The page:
The failure of the government's loan modification program, Home Affordable, has made a lot of news lately. Only a fraction of the anticipated number of homeowners have truly benefited from the program. Why do so many people start the mortgage modification process and end up getting denied or canceled? What are the hazards of getting involved in a trial modification?
About a year ago, under tremendous pressure from the government and consumer groups, home loan servicers (primarily the big banks) started using trial modifications in order to get more homeowners started in the loan modification process. Because of the mammoth volume of requests for modifications (Bank of America was receiving over 80,000 calls a day at the peak) servicers started homeowners on trial modifications, or temporary modifications, while they began processing and underwriting the homeowners qualifications for a permanent modification.
Often times the processing time to determine if a homeowner takes many months, up to a year. Meanwhile the homeowner continues to make trial modification payments at an amount lower than the payment on their mortgage note. The homeowner assumes if they make their trial payment on time, they will be approved for the permanent modification. They don't realize that homeowners are often denied a permanent modification regardless if they make all of their trial payments on time. Most of the time the reasons for denying a modification relate to the borrower making too much, or too little income.
Something has been happening as they have been making those lower, trial payments. The homeowner has been accumulating a past due balance for the difference between the note payment and the trial payment. The longer the trial period, the bigger that past due balance becomes.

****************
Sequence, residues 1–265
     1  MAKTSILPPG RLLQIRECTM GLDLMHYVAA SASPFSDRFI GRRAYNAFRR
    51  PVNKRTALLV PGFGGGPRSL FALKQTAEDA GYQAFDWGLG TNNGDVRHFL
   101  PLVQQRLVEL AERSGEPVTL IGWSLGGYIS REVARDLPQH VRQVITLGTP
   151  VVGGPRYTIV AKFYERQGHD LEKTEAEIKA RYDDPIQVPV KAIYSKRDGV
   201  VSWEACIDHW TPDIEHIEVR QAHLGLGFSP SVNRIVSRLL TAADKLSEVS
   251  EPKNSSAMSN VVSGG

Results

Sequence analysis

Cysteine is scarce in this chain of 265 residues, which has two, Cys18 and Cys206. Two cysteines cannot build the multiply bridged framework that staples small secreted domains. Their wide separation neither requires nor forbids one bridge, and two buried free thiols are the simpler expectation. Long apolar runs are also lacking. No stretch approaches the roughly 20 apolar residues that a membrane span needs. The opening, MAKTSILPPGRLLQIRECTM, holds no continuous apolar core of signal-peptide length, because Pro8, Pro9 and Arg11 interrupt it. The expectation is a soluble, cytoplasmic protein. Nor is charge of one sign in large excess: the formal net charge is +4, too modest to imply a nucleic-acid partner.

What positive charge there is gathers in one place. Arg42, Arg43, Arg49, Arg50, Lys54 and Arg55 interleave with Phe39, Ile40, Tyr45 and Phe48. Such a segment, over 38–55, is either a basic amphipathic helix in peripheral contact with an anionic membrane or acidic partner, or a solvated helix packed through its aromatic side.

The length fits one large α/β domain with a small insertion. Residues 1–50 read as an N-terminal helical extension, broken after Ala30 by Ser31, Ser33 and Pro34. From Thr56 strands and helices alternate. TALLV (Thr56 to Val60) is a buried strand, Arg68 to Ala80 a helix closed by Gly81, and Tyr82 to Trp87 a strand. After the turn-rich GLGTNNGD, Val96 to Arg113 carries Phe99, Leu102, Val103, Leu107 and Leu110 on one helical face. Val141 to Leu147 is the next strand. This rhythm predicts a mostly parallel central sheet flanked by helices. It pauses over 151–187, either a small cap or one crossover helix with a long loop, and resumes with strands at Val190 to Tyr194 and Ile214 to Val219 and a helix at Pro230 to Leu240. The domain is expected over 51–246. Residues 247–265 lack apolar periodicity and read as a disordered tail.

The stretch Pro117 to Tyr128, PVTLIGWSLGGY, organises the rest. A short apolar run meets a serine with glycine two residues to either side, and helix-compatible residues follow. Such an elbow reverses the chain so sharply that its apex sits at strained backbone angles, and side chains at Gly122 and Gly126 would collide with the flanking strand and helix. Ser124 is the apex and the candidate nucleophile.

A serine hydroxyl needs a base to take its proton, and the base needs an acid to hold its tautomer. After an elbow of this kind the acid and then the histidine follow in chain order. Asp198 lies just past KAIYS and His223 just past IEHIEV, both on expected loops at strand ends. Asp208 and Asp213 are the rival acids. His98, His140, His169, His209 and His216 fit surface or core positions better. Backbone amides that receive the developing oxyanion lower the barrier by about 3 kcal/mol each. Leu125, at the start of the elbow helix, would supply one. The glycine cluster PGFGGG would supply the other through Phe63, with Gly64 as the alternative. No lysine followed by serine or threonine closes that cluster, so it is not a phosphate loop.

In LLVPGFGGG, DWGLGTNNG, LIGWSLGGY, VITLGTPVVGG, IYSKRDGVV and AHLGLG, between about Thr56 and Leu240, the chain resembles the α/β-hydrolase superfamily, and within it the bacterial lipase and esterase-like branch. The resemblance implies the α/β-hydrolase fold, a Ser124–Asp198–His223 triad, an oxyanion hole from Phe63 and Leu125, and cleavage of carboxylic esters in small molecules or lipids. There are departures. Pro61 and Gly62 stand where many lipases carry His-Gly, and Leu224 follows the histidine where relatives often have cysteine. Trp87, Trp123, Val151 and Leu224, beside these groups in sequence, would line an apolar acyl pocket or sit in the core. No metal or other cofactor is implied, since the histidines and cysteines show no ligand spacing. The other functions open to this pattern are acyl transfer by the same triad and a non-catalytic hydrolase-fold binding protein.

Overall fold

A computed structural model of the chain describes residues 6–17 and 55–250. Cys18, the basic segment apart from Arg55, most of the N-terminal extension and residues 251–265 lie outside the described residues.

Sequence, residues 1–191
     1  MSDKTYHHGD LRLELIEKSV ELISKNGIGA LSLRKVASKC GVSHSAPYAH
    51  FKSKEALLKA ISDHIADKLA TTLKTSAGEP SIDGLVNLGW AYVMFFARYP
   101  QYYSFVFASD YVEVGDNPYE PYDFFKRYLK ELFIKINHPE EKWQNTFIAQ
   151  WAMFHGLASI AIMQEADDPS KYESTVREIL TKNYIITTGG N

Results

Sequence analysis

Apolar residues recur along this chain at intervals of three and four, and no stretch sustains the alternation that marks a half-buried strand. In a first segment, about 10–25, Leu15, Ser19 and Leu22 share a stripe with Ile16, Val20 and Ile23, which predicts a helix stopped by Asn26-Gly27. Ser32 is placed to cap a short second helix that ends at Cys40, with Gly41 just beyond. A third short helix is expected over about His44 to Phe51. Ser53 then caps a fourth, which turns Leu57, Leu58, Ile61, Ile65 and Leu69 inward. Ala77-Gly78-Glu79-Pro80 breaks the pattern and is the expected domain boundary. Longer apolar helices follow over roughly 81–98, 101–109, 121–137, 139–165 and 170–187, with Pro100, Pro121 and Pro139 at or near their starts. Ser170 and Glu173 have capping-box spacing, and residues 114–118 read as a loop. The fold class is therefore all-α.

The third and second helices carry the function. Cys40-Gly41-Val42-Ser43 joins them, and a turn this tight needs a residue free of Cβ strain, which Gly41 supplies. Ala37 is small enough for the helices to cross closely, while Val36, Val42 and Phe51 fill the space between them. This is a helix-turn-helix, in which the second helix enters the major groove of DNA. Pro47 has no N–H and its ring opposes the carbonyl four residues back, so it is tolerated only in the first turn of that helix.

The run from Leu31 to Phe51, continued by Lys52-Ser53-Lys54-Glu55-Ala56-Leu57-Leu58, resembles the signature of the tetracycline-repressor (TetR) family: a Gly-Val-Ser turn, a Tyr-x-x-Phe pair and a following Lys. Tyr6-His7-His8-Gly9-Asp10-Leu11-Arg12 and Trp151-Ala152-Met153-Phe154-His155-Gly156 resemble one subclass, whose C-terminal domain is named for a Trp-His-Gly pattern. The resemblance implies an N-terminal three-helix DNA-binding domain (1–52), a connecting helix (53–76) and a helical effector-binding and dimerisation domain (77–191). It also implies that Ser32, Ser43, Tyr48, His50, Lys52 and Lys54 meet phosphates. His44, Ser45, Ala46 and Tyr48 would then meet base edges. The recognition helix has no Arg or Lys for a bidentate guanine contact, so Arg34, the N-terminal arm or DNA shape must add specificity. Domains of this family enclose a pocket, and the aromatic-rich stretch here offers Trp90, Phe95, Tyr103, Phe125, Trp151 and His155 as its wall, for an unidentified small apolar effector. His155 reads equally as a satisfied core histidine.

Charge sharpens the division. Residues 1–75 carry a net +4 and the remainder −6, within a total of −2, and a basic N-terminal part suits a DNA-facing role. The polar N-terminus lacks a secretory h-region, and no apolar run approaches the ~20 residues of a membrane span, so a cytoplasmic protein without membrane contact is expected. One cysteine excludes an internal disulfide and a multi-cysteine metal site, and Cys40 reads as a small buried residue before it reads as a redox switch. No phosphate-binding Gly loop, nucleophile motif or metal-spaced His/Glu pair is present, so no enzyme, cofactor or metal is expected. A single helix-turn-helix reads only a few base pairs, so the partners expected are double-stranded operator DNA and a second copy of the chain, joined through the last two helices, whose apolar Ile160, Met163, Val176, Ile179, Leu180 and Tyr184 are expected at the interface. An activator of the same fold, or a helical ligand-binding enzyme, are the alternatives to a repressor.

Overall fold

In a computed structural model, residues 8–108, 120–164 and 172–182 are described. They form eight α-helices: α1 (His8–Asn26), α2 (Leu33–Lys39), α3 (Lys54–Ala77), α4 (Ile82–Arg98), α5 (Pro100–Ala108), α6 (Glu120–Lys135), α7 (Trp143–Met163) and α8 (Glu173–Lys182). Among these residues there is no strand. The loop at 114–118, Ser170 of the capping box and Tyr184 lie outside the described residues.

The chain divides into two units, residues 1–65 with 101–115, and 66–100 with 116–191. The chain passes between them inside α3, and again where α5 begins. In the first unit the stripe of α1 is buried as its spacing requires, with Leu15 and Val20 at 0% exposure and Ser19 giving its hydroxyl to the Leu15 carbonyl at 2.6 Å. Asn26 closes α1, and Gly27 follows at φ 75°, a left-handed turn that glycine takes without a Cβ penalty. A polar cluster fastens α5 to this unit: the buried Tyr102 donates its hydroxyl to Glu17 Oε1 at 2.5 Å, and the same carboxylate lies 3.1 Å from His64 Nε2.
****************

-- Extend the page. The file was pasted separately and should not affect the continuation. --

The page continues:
Putting Homeowners in a Hole
Take the example of Stacey. She started a trial modification with Wells Fargo in August of 2009. She was told it would be a three month trial. She made all three months on time, but Wells Fargo was behind, presumably dealing with hundreds of thousands of other homeowners. So Stacey continued to make the trial payments as directed by Wells Fargo. Finally in July of 2010 she received notice that her modification request was declined because she didn't make enough money. We'll ignore the point at this time that Wells Fargo did not calculate her income correctly. So they sent her a letter letting her know she has to start making her note payment again. They also mentioned in the letter that Stacey had to immediately pay the past due balance of over $8,000. "Past due? But I made all of my payments on time," Stacey thought. Yes, but now she owes the difference between the trial modification payments and her note payments over the past 11 months. And she owes it now. According to the letter she must pay it now or face foreclosure.
Be Careful with Trial Modifications
The servicers need to be aware of the hole they are putting homeowners in when they start them on a trial modification. Likewise, homeowners that are on trial modifications need to take advantage of the lower payment and save some money each month so that if their request for modification is denied, they can pay the past due balance.